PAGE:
This course will discuss the basic concepts of cellular signal transduction mediated by both membrane-bound and nuclear receptors. Receptor-mediated signaling involves kinases, GPCRs and nuclear hormone receptors and the role of altered cell signaling in disease development, progression and drug development is discussed.
Disease development and progression is largely due to the activation and or modulation of cellular signaling. Thus, mutations in key signaling pathway that drive cell proliferation are key to cancer development. In atherosclerosis immune signaling is essential to promote plaque formation. Given the involvement of perturbed signaling in disease, components of signaling networks are important candidate drug targets. The course will discuss the concepts of cellular signal transduction and focus on receptor kinases, G-protein coupled receptors and nuclear hormone receptors. We will discuss how these receptors are activated and which downstream signaling pathways are subsequently activated. Moreover, we will discuss how these different signaling pathways are also integrated in complex signaling networks that control biological outcome. We will further illustrate in what way these signaling pathways are involved in disease development and progression and how we can make use of this knowledge to develop novel therapeutic strategies using cancer and atherosclerosis as examples.
The aim of the course CST is to provide a strong basis to the understanding of cellular signal transduction, its role in disease and its application in drug development.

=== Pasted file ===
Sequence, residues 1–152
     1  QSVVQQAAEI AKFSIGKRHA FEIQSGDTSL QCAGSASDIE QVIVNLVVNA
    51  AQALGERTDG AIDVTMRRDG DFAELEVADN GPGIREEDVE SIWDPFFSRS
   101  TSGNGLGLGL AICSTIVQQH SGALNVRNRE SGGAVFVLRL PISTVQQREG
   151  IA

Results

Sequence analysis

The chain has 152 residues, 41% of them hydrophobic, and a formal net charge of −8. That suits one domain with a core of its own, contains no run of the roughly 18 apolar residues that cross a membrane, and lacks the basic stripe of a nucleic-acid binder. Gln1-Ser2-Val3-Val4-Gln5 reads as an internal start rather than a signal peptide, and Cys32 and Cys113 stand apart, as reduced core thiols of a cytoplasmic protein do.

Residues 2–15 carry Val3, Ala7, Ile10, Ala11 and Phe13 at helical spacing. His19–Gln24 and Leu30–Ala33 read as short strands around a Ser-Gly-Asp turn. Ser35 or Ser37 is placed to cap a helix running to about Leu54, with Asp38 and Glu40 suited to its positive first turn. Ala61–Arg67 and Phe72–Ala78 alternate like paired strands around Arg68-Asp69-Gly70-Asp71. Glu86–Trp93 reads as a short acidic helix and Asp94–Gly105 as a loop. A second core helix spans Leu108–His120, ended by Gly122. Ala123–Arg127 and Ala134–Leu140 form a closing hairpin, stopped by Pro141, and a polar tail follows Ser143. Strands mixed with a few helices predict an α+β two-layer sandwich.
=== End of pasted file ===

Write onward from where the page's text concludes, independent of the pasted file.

Prof. Dr. B. van de Water
Mode of instructions
The course will use a combination of lectures, discussions of assigned literature and student-led presentations. Most of the lectures will be offered in the morning. Different literature-based work group discussions will provide direct interaction between students and staff. Students will work in groups on an assignment to integrate different signaling pathways and therapeutic application in disease.
A presentation and report on the assignment as well as a written exam. Students will be graded individually for the presentation/report and for the written exam. Assignment will account for 25% and written exam for 75%.
This course is mandatory for students who do the Minor ‘Disease Signaling and Drug Targets’ (DSDT) and these students will be given priority. Ten additional places are available to students outside the minor under the condition that they meet the admission criteria. The same admission criteria apply to this course as for the entire Minor DSDT. Application for students outside the Minor DSDT occurs via the study advisers of Bio-Pharmaceutical Sciences only.